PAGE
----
Moving on from this area, you enter the dimly-lit, “Seahorse Sanctuary”, which begins with an effective circular tank for Hinge-backed Shrimp, right before the actual entry. The first tank in the actual area, is a kelp-themed tank for Weedy Sea Dragon. There seem to be quite a few of them (around five), however the majority of visitors walked straight past them, unaware of their presence, declaring it was just an, “empty tank”. Next to the sea dragons, were a pair of circular tanks, for Pot-bellied Seahorse, and Kuda Seahorse. They seemed adequate, and there were several individuals in each. There was also a horizontal razorfish tank in the area, they are great fun to watch.

    The next zone, “Coastal Wreck”, took this concept a bit too literally. Basically, every tank in the area possessed junk, such as tea cups, bottles, plates and toys. Very tacky. The entire area possessed quite dark lighting, and some of the tanks were badly lighted with unusual colours (pinks, blues etc). The first tank held moray eel and rabbitfish. There were several active individuals, ultilising garden pots and terracotta vases to their full advantage! Following the eels, there was a tank with bird-nose wrasse, with no signage indicating what this intriguing species was. They have quite striking sexual dimorphism, and were very active, dodging through….more garden pots.

    The following tanks of this, “Coastal Wreck” saga, really took the biscuit. The yellow assessor tank although well-lighted, featured a fishing net, a dinner plate, tea cups and bottles. The following octopus tank offered good hiding opportunities… bar the baby plastic toy. In this area, there was also a Lionfish/ Stonefish tank, and a Cowfish tank (they are awesome - I identified both Ornate and Striped Cowfish). To finish the area, the was the typical, crowded, brightly-coloured Sea Life bubble tank, with Clownfish, Blue Tang, Blue-Green Chromis, Six bar Wrasse, Coral Beauty Angelfish, and a few other fish species. This area showcases Sea Life’s perfect formula- luridly adorned tanks and familiar fish species equals crowds and money.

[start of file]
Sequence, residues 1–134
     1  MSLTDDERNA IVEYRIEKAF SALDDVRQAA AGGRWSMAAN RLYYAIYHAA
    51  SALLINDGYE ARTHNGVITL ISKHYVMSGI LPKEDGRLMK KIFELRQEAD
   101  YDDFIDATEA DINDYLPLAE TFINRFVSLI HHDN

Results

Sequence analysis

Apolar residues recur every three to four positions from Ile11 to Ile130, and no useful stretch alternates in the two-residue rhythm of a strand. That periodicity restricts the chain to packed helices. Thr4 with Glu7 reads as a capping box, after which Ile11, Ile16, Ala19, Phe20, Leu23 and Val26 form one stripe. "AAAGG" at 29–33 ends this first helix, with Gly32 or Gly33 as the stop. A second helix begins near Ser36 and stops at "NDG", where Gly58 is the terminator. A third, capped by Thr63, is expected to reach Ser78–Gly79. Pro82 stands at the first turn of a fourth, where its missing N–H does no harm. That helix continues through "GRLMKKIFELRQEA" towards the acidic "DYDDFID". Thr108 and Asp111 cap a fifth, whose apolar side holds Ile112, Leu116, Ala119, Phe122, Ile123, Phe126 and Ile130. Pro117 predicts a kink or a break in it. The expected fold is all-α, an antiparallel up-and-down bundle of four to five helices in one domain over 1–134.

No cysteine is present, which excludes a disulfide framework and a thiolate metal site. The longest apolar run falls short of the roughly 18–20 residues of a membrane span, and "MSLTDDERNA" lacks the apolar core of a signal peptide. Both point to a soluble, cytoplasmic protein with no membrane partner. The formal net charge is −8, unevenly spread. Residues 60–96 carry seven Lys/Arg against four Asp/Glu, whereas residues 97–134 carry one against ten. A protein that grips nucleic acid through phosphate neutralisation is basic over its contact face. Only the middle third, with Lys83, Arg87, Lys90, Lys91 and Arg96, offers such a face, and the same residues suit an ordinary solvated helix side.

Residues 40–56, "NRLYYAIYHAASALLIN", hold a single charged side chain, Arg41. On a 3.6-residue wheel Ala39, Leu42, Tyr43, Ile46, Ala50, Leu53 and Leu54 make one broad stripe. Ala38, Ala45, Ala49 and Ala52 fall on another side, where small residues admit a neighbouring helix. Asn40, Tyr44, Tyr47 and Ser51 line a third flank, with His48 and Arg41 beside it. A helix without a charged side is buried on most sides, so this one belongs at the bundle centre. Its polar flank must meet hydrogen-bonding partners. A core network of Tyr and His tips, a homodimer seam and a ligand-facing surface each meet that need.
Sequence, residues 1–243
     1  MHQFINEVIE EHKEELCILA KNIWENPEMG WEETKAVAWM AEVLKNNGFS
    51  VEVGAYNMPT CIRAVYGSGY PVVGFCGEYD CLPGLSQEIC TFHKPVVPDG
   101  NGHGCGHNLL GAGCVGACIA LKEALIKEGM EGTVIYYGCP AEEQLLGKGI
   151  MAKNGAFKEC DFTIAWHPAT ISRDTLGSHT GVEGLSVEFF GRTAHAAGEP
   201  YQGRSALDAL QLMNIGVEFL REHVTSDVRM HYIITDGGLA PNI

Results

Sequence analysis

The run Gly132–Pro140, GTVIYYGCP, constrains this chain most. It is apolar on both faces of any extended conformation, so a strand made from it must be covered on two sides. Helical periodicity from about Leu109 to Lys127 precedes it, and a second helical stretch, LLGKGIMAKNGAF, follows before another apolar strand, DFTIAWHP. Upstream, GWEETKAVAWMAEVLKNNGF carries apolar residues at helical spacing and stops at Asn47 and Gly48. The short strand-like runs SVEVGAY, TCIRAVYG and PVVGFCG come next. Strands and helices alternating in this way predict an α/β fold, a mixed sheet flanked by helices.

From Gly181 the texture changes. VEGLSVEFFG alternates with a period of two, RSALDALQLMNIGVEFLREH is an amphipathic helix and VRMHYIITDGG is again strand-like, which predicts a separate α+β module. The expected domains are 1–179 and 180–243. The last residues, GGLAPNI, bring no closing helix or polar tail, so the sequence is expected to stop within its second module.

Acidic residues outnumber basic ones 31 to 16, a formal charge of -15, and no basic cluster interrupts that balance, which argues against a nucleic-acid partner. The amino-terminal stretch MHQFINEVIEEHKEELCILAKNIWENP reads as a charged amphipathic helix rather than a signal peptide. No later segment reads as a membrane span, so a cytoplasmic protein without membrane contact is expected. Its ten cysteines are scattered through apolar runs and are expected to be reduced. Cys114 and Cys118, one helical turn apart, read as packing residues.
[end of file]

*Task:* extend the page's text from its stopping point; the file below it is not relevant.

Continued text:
Following a sliding door, you enter “Freshwater Streams”. This hadn’t changed since my last visit, and is still well-planned (a little tired). In this area, they showcased a wide range of exotic fish (cichlids, barbs, tetras, angelfish, discus, catfish) in well-landscaped and stocked tanks. However, signage was a real problem, as there were many inaccuracies at almost every tank (nothing new for an aquarium). This area also featured the top of two large tanks, based around Australian species (Freshwater Crocodile, Barramundi, Eel-tailed Catfish, turtles), and exotic freshwater species (Pacu- signed as Piaractus brachypomus, Alligator Gar, Red Devil Cichlid, catfish). They seem to have a lot of confiscated fish that were formerly illegally kept.

    Past this area, was the “Finding Dory”, playroom, hidden in an area, near the toilets. The only animals in this area, were an almost identical line up of species to the previous bubble tank, with the clownfish etc.